Party leader Binyamin Ben-Eliezer vowed today that Labor will support the government in its efforts to cut the budget, despite earlier demands of changes to the economic proposals.

Ben-Eliezer met with Prime Minister Ariel Sharon earlier today, Wednesday, to discuss Labor's position on the emergency economic plan compiled by the Finance Ministry. The plan will be going through its second and third stages of voting in parliament today.

Although Ben-Eliezer had voiced reservations about cuts to child allowances, the party leader decided to throw his clout behind the budget bill, apparently due to the escalation in violence Wednesday morning.

At least 17 people were killed early Wednesday morning and dozens more were hurt after a car bomb plowed into a crowded bus at the Megiddo intersection in northern Israel.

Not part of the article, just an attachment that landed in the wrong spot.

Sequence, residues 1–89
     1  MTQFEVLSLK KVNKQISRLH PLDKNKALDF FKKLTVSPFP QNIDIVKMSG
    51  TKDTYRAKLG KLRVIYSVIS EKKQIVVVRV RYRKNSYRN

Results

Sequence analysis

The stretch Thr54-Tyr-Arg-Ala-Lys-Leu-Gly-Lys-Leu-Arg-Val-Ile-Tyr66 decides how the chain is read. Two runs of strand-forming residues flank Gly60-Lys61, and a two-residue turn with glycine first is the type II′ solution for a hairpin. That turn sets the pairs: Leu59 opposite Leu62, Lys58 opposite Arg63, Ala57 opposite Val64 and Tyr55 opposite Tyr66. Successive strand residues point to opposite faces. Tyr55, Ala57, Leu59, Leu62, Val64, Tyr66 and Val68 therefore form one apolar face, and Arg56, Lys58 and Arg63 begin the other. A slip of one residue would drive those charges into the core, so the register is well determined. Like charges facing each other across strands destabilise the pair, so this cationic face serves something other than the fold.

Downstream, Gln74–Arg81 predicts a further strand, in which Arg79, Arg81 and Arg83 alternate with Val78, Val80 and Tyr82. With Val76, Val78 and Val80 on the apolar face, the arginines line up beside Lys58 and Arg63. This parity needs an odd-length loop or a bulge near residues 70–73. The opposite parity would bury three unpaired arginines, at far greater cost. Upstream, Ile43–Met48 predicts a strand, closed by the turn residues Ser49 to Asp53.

Ben-Eliezer's reversal has sparked criticism in party circles. Former finance minister Avraham Shochat said that Ben-Eliezer did not have the authority to make such a decision on his own.

On Tuesday evening Labor had advised Likud, the party Sharon heads, that it would not support a 24% cut to child allowances for families in which the family head had not served in the army. Instead, Labor suggested cutting all child allowances, up to the fourth child, regardless of parental army service - by 10%. After the fourth child, Labor suggested cutting the allowance by 15%.

Another idea Labor raised was to grant flat child allowances for each child, regardless of family size.

Likud rejected all these ideas.

In private conversations, the prime minister fumed at the Labor reversal yesterday. He reportedly said he'd push the economic plan through parliament "with or without Fuad" ¿ Ben-Eliezer's nickname. The sorry situation of the economy demands it, Sharon said.